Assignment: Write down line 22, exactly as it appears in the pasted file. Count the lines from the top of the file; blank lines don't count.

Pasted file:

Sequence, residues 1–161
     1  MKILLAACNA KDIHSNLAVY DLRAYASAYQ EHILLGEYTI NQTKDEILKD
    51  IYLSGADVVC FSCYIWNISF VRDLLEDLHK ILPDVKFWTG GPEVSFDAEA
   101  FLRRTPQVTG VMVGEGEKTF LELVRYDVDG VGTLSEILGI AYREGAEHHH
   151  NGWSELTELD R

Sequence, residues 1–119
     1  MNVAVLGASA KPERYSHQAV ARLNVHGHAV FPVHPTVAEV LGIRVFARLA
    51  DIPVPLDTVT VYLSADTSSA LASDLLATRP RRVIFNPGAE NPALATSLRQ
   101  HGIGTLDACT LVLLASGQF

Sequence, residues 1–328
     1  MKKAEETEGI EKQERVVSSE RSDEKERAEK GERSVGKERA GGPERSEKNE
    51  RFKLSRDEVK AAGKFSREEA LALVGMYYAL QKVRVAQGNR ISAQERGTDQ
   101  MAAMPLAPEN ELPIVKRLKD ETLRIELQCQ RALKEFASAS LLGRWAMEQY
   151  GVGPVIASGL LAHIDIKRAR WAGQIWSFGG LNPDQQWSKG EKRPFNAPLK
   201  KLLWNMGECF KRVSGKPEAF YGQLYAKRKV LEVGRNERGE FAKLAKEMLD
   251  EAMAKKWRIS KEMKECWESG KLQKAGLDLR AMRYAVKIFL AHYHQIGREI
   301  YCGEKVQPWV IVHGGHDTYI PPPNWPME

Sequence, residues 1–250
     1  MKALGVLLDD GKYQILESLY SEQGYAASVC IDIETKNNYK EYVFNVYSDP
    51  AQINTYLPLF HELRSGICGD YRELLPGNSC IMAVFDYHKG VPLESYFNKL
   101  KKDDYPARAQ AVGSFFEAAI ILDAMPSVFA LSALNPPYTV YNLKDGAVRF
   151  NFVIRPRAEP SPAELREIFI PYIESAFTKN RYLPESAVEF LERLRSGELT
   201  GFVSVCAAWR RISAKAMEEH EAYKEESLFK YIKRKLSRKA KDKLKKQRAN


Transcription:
   151  NFVIRPRAEP SPAELREIFI PYIESAFTKN RYLPESAVEF LERLRSGELT